Student retention, wellbeing and mental health have rightfully been identified as key issues for universities in the context of the Covid-19 pandemic.
We know that the affective components of the student experience have very much come to the fore during the pandemic – issues such as loneliness, and stress related to the general impact of Covid-19 on finances, living arrangements, different ways of learning, self-isolation and so on – issues that are often hidden from our sight.
Tom Lowe’s Wonkhe article does a great job of covering key theory and practice around student engagement, and is very sensible in suggesting the practices that can make a difference to engagement and thus to student retention, wellbeing, and success.
However, there are still areas within the “invisible engagement” notion that continue to prove elusive. It begs the question, how can we develop our practices and priorities to make the invisible, visible, so that we can provide support for difficulties when that support is needed?
We don’t want to give the impression that we think we should understand everything about a student, or that we know best about a person’s situation or possible needs. What we want to try and surface are the possibilities related to providing an environment in which students feel able to make relevant issues visible to their university such that they are then able to negotiate the support that they feel they need.
For the context of this article we refer back to Taylor’s research back in 2009 which used social capital as a lens through which the student experience could be seen. To synthesise the arguments made in that research, student engagement is:
The ways in which students relate and connect to their formal and informal learning experiences, their peers and faculty, their university and their discipline, and to the support that is in place when difficulties arise; and the impact of their behaviours, knowledge and emotions in this context on their wellbeing, retention, and success.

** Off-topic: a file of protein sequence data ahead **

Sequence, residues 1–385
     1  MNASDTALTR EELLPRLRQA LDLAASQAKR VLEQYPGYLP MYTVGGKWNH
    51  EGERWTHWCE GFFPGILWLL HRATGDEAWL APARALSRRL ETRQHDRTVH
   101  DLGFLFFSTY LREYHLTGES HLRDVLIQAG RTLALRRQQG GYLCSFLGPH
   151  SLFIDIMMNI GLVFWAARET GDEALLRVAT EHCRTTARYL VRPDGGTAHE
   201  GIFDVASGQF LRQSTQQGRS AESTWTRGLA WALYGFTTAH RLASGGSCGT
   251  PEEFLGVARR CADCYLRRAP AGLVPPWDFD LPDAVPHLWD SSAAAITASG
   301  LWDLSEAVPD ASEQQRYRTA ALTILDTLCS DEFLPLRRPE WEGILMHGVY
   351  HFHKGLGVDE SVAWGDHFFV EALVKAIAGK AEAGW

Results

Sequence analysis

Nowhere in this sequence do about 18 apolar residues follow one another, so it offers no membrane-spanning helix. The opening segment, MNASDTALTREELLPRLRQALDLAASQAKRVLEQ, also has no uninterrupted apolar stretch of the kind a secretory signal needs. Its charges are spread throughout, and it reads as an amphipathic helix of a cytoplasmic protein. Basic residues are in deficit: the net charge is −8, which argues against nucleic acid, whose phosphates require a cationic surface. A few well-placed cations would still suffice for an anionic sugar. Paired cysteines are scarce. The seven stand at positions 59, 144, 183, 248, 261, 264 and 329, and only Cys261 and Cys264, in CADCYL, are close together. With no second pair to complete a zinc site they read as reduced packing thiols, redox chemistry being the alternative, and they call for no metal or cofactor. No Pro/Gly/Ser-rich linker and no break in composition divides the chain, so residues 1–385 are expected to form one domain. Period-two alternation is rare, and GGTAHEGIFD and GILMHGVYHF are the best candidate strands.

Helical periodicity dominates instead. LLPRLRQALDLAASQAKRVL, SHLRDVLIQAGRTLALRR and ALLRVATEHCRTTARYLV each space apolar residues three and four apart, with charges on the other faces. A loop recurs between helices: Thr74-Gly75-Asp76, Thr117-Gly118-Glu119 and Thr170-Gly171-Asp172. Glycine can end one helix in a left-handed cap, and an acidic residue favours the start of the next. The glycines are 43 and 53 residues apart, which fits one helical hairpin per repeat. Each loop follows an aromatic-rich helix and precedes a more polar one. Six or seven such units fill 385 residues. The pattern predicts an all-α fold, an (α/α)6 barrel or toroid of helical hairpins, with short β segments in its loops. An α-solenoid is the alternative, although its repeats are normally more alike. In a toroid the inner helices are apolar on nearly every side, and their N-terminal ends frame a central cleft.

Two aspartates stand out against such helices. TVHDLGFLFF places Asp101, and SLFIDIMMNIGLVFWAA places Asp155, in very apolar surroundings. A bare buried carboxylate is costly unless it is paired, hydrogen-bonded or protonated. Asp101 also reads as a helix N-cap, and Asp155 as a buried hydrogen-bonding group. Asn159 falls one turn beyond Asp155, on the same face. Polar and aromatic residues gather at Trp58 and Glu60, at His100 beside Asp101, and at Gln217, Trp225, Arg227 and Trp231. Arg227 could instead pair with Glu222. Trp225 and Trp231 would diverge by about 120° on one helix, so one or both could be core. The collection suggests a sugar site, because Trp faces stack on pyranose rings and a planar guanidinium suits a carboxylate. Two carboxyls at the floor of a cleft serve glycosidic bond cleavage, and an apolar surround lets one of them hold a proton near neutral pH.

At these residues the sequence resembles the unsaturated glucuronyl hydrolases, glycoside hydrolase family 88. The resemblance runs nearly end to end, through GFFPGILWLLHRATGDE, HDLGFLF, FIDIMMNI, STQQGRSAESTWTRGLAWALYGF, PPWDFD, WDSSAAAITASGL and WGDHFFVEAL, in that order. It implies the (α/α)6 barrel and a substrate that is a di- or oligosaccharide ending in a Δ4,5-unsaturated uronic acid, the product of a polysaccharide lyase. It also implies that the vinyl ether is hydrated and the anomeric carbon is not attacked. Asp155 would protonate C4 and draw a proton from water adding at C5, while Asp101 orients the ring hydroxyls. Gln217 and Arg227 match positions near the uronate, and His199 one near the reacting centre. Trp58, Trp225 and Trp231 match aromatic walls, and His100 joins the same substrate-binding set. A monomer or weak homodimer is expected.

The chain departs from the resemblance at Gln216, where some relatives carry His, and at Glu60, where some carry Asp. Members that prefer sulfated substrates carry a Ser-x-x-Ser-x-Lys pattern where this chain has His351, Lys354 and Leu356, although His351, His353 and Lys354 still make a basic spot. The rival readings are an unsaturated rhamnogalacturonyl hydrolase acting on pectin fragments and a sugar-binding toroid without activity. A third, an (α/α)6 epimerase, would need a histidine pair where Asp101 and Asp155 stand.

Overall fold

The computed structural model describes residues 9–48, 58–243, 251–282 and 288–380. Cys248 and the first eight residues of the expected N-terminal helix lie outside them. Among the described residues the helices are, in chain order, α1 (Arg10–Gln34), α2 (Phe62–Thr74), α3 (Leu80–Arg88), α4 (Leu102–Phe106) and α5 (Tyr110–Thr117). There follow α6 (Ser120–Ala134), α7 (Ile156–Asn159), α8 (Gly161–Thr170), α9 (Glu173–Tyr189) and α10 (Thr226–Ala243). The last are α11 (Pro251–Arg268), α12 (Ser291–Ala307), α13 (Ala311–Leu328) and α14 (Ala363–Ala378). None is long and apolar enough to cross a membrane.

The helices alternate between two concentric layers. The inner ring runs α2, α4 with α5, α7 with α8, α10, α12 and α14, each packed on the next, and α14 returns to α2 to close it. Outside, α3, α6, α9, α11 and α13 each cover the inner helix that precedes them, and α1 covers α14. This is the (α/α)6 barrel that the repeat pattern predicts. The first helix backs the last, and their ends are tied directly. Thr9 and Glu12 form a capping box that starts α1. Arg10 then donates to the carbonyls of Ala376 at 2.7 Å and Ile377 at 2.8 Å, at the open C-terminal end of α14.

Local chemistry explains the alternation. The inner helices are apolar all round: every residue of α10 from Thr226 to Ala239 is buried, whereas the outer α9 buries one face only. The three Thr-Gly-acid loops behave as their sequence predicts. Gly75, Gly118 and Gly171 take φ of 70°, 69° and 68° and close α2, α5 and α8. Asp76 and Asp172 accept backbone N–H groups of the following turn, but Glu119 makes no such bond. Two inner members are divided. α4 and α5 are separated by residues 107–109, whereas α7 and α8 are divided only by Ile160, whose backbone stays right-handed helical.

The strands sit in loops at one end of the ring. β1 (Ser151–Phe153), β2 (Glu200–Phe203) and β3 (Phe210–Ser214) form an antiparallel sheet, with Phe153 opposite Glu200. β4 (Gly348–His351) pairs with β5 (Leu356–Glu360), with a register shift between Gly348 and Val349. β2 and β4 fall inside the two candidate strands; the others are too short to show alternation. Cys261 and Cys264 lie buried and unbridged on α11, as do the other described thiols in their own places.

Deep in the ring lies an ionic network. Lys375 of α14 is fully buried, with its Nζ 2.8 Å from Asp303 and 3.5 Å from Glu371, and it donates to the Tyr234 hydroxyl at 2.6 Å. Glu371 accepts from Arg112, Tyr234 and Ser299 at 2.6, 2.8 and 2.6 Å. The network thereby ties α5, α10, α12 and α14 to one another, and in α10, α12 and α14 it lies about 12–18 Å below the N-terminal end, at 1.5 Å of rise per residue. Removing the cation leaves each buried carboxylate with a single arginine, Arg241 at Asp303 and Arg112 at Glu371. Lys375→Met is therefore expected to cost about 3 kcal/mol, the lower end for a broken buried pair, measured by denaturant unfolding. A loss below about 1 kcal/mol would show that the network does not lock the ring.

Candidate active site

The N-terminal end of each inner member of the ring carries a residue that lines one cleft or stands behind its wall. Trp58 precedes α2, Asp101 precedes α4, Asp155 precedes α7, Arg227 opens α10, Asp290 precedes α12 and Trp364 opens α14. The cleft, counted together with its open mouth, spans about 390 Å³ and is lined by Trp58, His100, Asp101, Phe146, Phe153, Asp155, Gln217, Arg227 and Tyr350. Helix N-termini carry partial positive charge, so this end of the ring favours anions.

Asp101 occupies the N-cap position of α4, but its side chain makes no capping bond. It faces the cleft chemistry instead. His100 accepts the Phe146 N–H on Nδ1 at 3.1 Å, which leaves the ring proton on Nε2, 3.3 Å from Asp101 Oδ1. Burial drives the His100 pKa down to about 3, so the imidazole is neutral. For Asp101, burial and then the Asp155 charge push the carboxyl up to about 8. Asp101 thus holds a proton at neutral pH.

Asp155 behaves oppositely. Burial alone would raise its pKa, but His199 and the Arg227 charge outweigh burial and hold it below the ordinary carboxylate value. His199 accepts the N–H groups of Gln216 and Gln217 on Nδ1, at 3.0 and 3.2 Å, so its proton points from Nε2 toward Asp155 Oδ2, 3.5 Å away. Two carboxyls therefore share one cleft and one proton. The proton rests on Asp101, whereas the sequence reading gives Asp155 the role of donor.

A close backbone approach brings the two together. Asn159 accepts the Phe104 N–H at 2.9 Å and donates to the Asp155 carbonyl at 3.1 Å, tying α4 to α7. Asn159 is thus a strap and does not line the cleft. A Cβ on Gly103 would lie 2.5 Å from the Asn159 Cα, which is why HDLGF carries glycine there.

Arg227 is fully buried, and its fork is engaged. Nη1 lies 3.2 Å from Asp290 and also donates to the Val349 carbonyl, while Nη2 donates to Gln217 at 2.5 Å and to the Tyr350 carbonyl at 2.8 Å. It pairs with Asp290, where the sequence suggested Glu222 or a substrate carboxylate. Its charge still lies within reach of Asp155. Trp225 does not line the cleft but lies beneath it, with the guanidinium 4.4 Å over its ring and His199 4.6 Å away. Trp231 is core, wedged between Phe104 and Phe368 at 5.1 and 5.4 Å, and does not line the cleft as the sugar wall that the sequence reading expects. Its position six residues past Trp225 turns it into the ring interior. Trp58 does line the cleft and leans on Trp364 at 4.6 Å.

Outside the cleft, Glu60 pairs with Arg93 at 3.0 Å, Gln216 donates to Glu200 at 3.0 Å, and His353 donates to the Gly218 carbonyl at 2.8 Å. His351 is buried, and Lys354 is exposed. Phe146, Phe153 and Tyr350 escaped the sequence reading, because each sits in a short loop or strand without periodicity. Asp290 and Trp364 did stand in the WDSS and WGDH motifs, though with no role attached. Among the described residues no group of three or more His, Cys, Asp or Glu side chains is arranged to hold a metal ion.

Those connections and networks highlighted in the definition remain crucial to overall student engagement, and we know that student engagement leads to improved student outcomes.
At least for some students, there is less opportunity for them to make those connections to people and place than previously. Advance HE’s Student Academic Experience Survey 2020 lets us see how important the interaction between staff and students is to the overall student experience. So, it is the connections, the support, wellbeing, and the impact of those affective components of the student experience on behaviours that we want to attend to.
What can we see?
To identify what we don’t know, it is useful to firstly identify what we do. There are multiple ways in which we gain an understanding of whether an individual student is engaging through behaviours such as online or in-person attendance, accessing resources for learning, or attendance at student services.
These are all proxies for student engagement and could indicate whether the affective components of the student experience are getting in the way of overall engagement. But there are students who become invisible in ways that aren’t necessarily related to what we measure – and they could be continuing to “perform” and therefore not draw attention to their problems.
We ask students about their experiences all the time – through course evaluations, surveys and focus groups. But what does this really capture when it comes to an individual experience? The actions that we take off the back of this information and data is retrospective; reactive rather than proactive. It serves those that follow, whose needs can differ based on their circumstances.